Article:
I realize to many true-believer defense people (and I don't mean true-believer in a derogatory way), the above looks sort of sell-out-y; I don't think it is, but I get how it might look like that. Criminal defense is just a really hard job and I think most of the people I know who switched are people who believe in/want to work in the criminal justice system, but realized that temperamentally, they weren't going to be happy/effective continuing in criminal defense. I don't think it's that they wanted to win and couldn't take not winning, it's more having to make arguments you don't really agree with/know are losers because you have to make some kind of defense and that's the only feasible argument. It's not about ego, it's more thinking "but the government's case is actually pretty good here" but having to come up with something to counter it with anyway. Some people love that challenge, other people feel like they're trying to make stuff up and it gets old. (This is my impression, anyway.)

In terms of more legal stuff, one colleague has said that one of the biggest shifts has been from thinking about how to keep evidence out, to how to get evidence in. She also said she liked the shift to more of a big-picture focus - thinking about cases as part of overall office policy, rather than intense focus on the individual defendant as when she was a PD. Another former PD colleague says she misses the creativity of being a PD - that you had more opportunities to come up with off the wall arguments/strategies and see what worked as a PD.

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Re: First Year ADA - Ask Me Anything

Post by redfred22 » Wed Jul 22, 2015 11:50 am

andythefir wrote:
redfred22 wrote: When you say they leave for more money, what sorts of positions have you seen these people go into? Why is it considered a stepping-stone? Are people taking these jobs for the experience and then jumping ship, or are they taking them with plans to stay and then getting offers?

I have considered this route, but I have wondered about the potential exit options. I'm from a decent-sized small-town type area, working for a small firm as a paralegal (I'm an 0L) and making a lot of connections in the area. I've grown up here, know the area, etc. As I said, this has been a path I have considered, and it will affect my decision on what types of schools I may target (i.e. T14 vs regional on good scholly). I don't necessarily want to be stuck in that job for life, though, so hearing that people, at least in your area, exit gives me a little more encouragement. Thanks for doing this, btw.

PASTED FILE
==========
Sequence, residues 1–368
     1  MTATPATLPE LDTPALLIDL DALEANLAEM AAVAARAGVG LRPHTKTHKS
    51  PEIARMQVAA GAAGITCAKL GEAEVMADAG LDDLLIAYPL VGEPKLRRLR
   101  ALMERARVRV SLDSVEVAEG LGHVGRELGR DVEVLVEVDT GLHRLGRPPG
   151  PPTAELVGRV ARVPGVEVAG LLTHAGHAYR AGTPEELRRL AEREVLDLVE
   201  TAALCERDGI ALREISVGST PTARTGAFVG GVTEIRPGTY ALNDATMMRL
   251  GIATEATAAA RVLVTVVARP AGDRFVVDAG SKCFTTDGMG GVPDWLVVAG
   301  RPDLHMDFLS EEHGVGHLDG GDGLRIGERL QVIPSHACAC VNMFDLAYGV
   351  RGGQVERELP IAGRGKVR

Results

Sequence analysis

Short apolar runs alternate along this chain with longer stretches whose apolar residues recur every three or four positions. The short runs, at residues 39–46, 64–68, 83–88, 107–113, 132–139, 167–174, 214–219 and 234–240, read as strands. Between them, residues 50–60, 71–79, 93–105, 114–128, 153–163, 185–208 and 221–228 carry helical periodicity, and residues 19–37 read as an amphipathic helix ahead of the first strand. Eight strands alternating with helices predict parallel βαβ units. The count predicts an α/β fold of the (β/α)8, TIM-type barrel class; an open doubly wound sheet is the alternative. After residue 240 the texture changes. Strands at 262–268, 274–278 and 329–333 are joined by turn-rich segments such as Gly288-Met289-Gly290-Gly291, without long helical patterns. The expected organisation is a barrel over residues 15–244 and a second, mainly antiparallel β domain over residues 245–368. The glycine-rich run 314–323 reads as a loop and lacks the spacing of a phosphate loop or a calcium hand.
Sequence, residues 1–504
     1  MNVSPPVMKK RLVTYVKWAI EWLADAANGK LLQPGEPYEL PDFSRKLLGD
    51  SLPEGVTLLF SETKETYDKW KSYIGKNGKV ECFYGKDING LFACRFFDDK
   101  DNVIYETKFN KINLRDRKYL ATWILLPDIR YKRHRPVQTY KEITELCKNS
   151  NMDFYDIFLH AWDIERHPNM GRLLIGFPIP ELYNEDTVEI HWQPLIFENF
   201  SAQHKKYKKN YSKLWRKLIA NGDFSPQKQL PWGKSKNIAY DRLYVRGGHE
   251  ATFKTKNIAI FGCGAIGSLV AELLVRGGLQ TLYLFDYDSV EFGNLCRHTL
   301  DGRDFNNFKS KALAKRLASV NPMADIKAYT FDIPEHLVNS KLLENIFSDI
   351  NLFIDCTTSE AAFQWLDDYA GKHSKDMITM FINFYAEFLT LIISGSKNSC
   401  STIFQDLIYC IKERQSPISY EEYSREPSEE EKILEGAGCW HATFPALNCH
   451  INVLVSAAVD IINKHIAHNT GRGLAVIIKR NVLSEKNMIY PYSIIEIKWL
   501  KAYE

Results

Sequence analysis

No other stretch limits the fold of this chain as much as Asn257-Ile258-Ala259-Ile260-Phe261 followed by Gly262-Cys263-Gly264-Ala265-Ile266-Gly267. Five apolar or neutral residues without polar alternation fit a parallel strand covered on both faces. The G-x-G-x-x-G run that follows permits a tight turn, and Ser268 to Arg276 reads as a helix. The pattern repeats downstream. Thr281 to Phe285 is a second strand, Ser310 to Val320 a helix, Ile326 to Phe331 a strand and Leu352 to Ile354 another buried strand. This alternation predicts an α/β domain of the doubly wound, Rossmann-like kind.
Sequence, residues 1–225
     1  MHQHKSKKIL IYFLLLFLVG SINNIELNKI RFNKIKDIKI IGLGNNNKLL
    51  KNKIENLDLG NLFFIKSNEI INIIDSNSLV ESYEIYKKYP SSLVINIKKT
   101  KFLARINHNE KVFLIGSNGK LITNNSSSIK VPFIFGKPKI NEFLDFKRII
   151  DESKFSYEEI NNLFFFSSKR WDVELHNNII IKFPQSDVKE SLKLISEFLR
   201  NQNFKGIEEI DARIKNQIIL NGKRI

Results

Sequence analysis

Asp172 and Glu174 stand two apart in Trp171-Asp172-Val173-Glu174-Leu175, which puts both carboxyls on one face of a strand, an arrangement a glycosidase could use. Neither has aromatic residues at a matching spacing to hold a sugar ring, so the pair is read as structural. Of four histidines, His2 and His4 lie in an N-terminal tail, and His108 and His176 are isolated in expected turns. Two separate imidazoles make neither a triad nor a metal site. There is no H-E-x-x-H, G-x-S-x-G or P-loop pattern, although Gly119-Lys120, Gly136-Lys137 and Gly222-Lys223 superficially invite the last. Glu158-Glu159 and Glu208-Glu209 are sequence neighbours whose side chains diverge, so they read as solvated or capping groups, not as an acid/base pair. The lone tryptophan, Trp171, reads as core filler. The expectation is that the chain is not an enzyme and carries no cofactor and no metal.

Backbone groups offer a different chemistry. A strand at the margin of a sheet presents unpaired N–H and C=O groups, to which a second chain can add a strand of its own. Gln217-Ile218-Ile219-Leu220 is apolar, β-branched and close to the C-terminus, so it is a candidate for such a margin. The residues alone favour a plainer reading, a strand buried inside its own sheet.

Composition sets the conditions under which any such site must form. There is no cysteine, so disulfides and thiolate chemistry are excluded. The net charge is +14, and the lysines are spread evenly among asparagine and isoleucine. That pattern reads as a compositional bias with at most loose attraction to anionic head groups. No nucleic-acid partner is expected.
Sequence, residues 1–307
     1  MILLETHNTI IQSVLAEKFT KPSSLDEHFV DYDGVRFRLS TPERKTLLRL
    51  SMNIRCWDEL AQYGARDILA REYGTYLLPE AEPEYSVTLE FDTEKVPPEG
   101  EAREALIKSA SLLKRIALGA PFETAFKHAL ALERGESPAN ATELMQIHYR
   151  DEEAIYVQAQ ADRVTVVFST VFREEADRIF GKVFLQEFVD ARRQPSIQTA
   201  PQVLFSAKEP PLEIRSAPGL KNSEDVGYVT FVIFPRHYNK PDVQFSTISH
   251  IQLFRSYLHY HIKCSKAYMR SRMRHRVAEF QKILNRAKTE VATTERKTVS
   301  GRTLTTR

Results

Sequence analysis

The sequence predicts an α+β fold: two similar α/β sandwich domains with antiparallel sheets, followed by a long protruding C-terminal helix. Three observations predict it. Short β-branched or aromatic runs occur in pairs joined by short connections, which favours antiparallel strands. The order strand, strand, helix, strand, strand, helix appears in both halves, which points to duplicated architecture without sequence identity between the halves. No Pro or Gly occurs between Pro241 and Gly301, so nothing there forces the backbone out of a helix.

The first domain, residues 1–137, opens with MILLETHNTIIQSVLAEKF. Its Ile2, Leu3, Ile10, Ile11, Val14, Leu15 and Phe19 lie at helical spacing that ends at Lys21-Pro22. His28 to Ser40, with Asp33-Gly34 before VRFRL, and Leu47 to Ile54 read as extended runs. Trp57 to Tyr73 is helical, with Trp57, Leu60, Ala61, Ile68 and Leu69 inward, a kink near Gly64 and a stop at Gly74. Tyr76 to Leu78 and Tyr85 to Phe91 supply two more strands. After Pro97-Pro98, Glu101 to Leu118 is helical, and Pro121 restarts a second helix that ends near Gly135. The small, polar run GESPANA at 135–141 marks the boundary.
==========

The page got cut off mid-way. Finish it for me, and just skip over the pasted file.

I'm not 100% sure of the relevant etiquette, but I will answer some of these from my experience. This was originally a big concern for me as well. My office has sent folks to every possible next step, from AUSA to the state engineer. I knew a guy when I worked in the state's equivalent of biglaw who went directly from a far-out DA position to an associate position in the biglaw equivalent firm.

To answer your question directly, the most common next step is another DA's office for more pay (when you're desperate enough a mid-level DA somewhere else starts to look like your superstar), PD's, or a small firm. I would honestly struggle to go back to billing, though. My job is way too much fun and billing is way too much of a nightmare to go back. Personally, I would like to pivot to an AUSA, but that's me and the rest of the legal profession. I will say, though, a lot of folks in my office will be trapped there or its equivalent due to their credentials. My office is half Cooley grads, people who have been fired other places, etc.
Thanks for the reply! So what I am getting from that last sentence is that, despite getting the job and getting the experience, exit options are still a lot/most of the time linked to one's law school? Meaning, those that went to Cooley have those jobs and are getting experience, but someone who went to, say, a T14 is going to be more likely to move on to something else more easily/quickly?

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Re: First Year ADA - Ask Me Anything

Post by Anonymous User » Wed Jul 22, 2015 12:54 pm

OP here.
yomisterd wrote:what are your thoughts generally on the justice system?

Reform or nah?
Reform in many ways. As an ADA I'm obviously biased, but off the top of my head:

- We need to have a larger gap between punishment for victimless crimes and crimes where someone is, in any way, shape or form, affected. On the one hand we need the system to teach people, and that 7th retail theft means you haven't learned anything so you need harsher punishment. On the other hand, if your 7th retail theft was for a pen that cost $3, I think its harsh to require jail time for that.

- With that said, the juvenile system is absolutely nuts. Unlike adult court, juvenile is entirely outside of my control in terms of sentencing. I get to reduce charges and prosecute trials (adjudication hearings) if they go there, but I can't do plea deals and the office of juvenile probation decides all punishments. To say its a "slap on the wrist" is giving it too much credit. I had a rape case with a juvenile last month. 16 year old raped 14 year old step sister. She gets away, calls cops. Juvenile admits it happened. He gets PROBATION, community service and mental health counseling. The girl gave a victim's impact statement in court and sounds like she will be mentally scarred for life, has developed numerous mental disorders due to the rape, grades are basically failing now, cries every day, etc etc etc. Kid is sitting there smirking as they are reading him his "punishment". If kid was 2 years older and did the EXACT SAME THING, he would be going away for 10-20. I wanted to punch that kid in the face. Juvenile is way way way too lenient. I don't care about the stupid drug crimes, but when you assault someone or worse you deserve to go away.